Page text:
The story and title developed over an otherwise forgettable dinner. During the next day we would identify certain needs to carry out the shenanigan. We needed a blurb. I volunteered to write one. I had just completed an interview with the original Bantam blurb writer, Nick D’Annuzio, and thought I was up to the task.

Chris Kalb not only operated the prime Doc Savage website but was also an award-winning artist. (Later someone claimed the art had been put together by some “idiot with photoshop.”) He agreed to make up a Doc Savage cover….using Photoshop. We didn’t want to make it too hard to figure out.

Email excerpt 8-4-1998 The cover might be a little too nice considering the cheap crap Bantam put on the fronts of the first omni. BTW, looking at the list there’s plenty of time between the doubles (mar 85) and omnis (aug 86). –Chris

We would place that cover and blurb on all of our sites. There would be no special announcement. We wanted it to seem like it had been there all along. Crazy, huh?

I was taking quite a few pictures of the festivities. The previous year I had posted them on the Hidalgo Trading Company along with a record of the event. To sell the shenanigan, I took a picture of Catherine holding up a novel she had purchased. Chris finished the cover and digitally placed it on Catherine’s novel.

Now we had a picture of someone holding Bleeding Sun. It had to exist! We went home and started fixing our sites. Someone noticed the picture of Catherine and asked about Bleeding Sun. I feigned surprise they didn’t own a copy.

The story started to unravel when a copy was placed on eBay. I know it sounds like we were pushing our luck, but it seemed to make sense at the time. Only one person bid on the novel and he laughed when he learned of the joke.

One participant tried to enlist someone outside the group to help. In retrospect, that was the beginning of the end. The first rule of any shenanigan is “Don’t try to involve anyone who doesn’t have a sense of humor.”

Accusations, recriminations and many angry Usenet posts later the word was out. We had pulled a fast one. No one was really hurt and the alt.fan.doc-savage newsgroup was more alive than it had been for months.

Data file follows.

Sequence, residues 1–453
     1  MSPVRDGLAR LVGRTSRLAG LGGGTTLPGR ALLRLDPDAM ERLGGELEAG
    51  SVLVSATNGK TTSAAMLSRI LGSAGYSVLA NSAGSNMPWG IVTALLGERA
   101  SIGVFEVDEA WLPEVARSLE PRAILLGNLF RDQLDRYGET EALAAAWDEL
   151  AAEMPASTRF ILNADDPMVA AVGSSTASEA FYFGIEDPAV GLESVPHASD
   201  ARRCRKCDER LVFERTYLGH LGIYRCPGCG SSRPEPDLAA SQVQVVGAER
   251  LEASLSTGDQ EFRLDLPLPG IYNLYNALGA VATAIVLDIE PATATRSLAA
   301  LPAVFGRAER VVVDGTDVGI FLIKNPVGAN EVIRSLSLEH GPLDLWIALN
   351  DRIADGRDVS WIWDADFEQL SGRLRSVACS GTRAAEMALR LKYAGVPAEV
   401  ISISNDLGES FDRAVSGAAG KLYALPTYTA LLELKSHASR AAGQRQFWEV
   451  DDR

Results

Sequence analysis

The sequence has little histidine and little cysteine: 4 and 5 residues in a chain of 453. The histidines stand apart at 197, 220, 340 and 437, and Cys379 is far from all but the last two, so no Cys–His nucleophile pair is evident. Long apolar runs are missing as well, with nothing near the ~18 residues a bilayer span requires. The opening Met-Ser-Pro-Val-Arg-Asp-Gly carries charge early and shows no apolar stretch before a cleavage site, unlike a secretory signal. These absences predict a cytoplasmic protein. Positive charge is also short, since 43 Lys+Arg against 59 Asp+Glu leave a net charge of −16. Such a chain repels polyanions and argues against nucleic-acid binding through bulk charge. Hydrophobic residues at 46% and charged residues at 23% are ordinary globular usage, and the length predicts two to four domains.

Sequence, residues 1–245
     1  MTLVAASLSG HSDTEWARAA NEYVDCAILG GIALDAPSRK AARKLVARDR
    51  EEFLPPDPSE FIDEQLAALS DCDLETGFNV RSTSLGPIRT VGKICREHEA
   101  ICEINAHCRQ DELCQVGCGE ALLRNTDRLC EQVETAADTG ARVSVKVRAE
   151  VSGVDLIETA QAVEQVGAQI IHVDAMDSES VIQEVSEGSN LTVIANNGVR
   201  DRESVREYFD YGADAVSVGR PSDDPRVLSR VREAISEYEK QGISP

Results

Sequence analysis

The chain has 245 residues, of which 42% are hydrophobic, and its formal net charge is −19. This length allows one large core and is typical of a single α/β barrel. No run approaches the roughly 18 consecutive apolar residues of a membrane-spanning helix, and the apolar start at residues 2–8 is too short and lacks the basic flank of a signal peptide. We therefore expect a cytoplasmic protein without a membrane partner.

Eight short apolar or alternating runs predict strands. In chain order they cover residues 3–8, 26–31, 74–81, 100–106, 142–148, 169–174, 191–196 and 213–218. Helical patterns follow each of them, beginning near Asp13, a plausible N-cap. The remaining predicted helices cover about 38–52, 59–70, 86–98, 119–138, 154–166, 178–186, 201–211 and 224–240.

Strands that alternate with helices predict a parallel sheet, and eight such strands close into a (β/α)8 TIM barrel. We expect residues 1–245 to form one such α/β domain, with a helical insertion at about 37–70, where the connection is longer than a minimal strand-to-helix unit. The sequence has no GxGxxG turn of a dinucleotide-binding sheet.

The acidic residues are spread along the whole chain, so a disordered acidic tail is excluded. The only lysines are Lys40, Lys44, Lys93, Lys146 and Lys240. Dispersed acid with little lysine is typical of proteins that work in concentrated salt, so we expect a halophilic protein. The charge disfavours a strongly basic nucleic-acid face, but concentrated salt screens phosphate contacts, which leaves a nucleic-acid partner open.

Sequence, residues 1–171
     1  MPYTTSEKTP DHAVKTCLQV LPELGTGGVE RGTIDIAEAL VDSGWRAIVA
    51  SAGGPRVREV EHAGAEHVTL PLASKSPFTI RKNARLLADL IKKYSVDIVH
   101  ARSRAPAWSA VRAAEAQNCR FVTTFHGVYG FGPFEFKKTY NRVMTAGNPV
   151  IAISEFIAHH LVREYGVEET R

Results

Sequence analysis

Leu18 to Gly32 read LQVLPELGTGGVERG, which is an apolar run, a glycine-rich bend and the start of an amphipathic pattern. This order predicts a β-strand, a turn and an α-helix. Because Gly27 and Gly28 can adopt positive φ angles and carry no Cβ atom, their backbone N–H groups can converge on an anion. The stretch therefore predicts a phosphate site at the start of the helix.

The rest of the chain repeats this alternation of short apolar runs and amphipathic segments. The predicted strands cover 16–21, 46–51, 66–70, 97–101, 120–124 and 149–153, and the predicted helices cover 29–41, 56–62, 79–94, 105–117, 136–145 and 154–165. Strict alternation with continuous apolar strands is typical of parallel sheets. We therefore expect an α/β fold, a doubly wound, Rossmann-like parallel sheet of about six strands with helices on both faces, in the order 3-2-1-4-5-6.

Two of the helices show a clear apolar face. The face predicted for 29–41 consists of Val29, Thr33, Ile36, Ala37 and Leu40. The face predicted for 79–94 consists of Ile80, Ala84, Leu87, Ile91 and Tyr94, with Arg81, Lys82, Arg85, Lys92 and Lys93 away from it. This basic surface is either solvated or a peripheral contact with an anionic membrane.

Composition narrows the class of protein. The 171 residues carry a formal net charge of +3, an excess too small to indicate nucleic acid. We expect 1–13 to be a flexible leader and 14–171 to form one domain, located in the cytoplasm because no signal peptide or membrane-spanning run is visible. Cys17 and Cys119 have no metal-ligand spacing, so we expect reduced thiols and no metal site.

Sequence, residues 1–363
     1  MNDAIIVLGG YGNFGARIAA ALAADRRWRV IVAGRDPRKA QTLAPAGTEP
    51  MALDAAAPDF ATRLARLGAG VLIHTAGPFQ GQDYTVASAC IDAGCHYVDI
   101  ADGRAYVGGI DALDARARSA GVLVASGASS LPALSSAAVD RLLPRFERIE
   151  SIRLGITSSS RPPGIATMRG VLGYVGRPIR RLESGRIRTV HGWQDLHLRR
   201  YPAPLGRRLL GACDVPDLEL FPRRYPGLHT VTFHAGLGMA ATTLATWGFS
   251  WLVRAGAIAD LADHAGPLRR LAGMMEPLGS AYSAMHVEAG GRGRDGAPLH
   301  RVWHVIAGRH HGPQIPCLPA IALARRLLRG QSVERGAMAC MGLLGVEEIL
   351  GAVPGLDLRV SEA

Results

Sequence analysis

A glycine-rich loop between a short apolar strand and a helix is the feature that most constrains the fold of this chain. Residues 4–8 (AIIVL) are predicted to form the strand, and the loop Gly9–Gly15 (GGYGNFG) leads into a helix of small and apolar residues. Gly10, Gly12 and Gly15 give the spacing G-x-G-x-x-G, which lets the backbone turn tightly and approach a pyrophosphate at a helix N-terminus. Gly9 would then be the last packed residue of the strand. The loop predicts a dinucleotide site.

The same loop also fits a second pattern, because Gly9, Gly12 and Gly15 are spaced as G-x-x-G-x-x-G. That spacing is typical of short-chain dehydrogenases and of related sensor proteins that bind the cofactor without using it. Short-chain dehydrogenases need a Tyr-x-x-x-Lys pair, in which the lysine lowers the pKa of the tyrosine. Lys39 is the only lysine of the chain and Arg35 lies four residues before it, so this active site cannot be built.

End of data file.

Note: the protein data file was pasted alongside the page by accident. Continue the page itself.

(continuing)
Only one person seemed angry. Most laughed when they discovered the joke. We had a few emails thanking us for injecting some fun into fandom. I think the following two comments were representative of the majority response to the shenanigan:

Usenet excerpt Aug 13, 1998 As I happen to have been one of the people who actually bid on “Bleeding Sun” and therefore was “taken” by the “hoax”, I want to say to one and all, “Relax”. I appreciate the laugh and I really appreciate the fact that the only thing I lost was some time placing a bid on Ebay. It was a masterful hoax, and I applaud its originators. If, however, in any real or imagined guilt they may or may not feel, they desire to commit acts of restitution, I will gladly accept, though I do not compel this action, help in getting the last 3 Doc PB’s that I need for my collection.
Sincerely, Marcel Allen Lamb

Email 1-16-99 Just wanted you to know I fell for the Bleeding Sun book scam, and loved it! You have to understand I was in a vulnerable state when I saw it, I had just been at J__ G_____ site and found out the hardcover versions of the Bantam pb’s exist so I thought anything was possible. Thanks, Mike S_______

I tried to write Marcel recently. I wonder if he finally completed his collection? Maybe he bought those three to reach his Nirvana. I hope someone sends him a copy of Bleeding Sun so he will truly discover “completion peace.”

Chuck Welch
March 2001



Reprinted from DocSavage.Info March 2001 shenanigan: “a playful or mischievous act; a prank.” At first Bleeding Sun was a shenanigan. In 1998, a few attendees of Pulpcon pretended there was a Doc Savage novel named Bleeding Sun. There wasn’t. That was the fun. Now it really is a novel. A fine work of fiction written…

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› tags: doc savage / fandom. pulp fiction / fiction / pulpcon /